Uprooted Dreams / Suenos Desarraigados

Submitted by City of Austin, Art in Public Places Program

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Client: City of Austin

Location: Austin, TX, United States

Completion date: 2012

Artwork budget: $51,000

Project Team

Public Art Agent

Jean Graham

City of Austin

Artist

Margarita Cabrera

Overview

Uprooted Dreams is a site-specific sculptural installation led by artist Margarita Cabrera that features over 19 individual, brightly colored woodcarvings, mounted in the 450 sq. ft. public entrance to the education area of Austin’s Emma S. Barrientos Mexican American Cultural Center (MACC). This colorful installation activates this interior space designed by architect Teodoro Gonzalez de Leon and CasaBella Architects.

Goals

The goal of this project was to commission an artist to create a community-based work that would enliven the interior space and deepen visitors’ understandings of the facility’s educational and cultural mission—to preserve, create, present, and promote Mexican American cultural arts and heritage. As a sculptor, Cabrera's artistic practice includes developing workshop productions that stimulate community dialogue and provide resistance to loss of cultural identity and roots within the Mexican American community. Cabrera sees, encourages, and creates intersections between contemporary art and indigenous craft practice practices. For Uprooted Dreams, Cabrera chose the “alebrije” woodcarving tradition of Oaxaca, Mexico, as the method of sculptural fabrication and the media for facilitating personal narrative about personal cultural experiences.

Process

Cabrera met with Austin Latino groups and individuals with the goal of initiating a dialogue about issues facing their communities. A recurring theme was uprootedness and gentrification. She chose to collaborate with individuals from Austin’s Mexican American immigrant community in the creation of artwork for the MACC. She invited Oaxacan master artesans, Sergio Santiago Ibañez and Lucia Luria Sosa, to share their skills and cultural heritage with the participants. The group met together in a month-long series of hands-on workshops at the MACC. They collected wood in a nearby park, which they celebrated through dance and food. Then they worked together in the process of carving, sanding, connecting, and painting the sculptures. Each participant created work for the installation. Cabrera invited all participants to engage directly in the creative process of the workshop and respected all of them as co-creators. The community workshops forged strong connections between participants, and in the process of creating thoughtful, dynamic works, they expressed their personal experiences of uprooted transformations. The individual pieces were then grouped in a unified installation designed by Cabrera. This remains permanently in the education lobby at the facility where families and children come to participate in educational activities.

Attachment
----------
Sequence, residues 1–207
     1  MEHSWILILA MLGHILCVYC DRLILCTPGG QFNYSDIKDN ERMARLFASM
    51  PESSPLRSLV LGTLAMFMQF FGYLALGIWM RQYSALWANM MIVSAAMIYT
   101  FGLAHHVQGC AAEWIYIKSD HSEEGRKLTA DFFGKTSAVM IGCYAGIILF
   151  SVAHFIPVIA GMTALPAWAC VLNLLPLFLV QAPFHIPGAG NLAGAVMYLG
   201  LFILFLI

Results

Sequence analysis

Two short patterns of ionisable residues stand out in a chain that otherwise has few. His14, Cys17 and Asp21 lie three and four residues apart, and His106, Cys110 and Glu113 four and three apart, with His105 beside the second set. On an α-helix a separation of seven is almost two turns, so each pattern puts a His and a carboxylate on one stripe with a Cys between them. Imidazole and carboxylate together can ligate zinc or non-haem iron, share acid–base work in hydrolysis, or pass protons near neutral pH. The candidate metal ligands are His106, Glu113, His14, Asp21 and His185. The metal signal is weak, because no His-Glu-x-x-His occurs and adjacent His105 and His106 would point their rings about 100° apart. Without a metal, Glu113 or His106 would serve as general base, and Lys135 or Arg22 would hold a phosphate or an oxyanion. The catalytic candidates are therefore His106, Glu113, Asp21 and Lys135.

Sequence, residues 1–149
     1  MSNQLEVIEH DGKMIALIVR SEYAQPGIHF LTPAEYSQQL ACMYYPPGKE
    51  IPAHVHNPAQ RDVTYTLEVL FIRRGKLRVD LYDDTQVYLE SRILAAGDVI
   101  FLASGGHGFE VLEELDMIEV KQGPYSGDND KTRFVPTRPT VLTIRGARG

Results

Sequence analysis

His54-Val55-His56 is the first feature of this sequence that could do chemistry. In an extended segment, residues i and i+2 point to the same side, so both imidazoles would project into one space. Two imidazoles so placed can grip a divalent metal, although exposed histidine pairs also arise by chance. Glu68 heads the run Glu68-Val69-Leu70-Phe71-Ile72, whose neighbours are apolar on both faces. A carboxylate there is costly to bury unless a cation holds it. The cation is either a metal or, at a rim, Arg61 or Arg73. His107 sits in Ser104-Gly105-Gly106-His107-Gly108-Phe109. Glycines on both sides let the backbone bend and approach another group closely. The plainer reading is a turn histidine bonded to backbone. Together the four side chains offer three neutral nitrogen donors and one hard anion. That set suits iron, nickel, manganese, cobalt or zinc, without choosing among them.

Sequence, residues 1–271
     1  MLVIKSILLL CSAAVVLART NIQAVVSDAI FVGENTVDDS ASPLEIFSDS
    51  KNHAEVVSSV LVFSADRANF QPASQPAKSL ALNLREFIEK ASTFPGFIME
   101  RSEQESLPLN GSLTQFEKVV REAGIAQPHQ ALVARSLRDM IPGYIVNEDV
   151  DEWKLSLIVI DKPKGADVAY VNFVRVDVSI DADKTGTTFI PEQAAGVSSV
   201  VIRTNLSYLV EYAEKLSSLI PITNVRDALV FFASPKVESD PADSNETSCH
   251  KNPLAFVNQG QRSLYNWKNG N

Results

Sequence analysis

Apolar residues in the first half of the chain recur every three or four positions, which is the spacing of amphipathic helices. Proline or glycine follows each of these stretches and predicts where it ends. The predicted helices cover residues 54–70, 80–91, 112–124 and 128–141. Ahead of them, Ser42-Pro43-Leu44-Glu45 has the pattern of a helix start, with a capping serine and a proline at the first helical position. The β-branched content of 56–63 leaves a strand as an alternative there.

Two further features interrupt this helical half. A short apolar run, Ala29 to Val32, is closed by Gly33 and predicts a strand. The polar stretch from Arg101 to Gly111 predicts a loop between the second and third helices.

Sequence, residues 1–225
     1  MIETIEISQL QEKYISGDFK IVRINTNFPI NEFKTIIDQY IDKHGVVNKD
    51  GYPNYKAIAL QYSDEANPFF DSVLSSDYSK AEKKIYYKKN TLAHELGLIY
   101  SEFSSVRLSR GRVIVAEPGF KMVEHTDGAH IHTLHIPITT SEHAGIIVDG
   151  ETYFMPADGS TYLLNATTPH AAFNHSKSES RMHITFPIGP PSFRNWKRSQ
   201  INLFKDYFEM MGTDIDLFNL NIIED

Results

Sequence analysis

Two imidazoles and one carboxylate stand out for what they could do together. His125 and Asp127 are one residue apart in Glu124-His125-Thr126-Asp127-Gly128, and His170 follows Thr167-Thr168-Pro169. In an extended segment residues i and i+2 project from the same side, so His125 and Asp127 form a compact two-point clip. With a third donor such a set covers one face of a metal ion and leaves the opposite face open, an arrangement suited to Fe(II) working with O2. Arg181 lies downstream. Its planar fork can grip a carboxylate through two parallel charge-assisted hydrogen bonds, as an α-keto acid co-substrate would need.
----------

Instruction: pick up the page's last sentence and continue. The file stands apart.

Additional Information

In order to document the workshop production and to provide additional long-term educational resources for the Mexican American Cultural Center, Cabrera also produced two film documentaries on the project and a catalogue with an essay by Claudia Zapata, Curator of Exhibitions and Programs at the Mexic-Arte Museum in Austin.The submitted video “Uprooted Dreams” was produced with John Titus, Videographer, and Blair Naujok, Sound.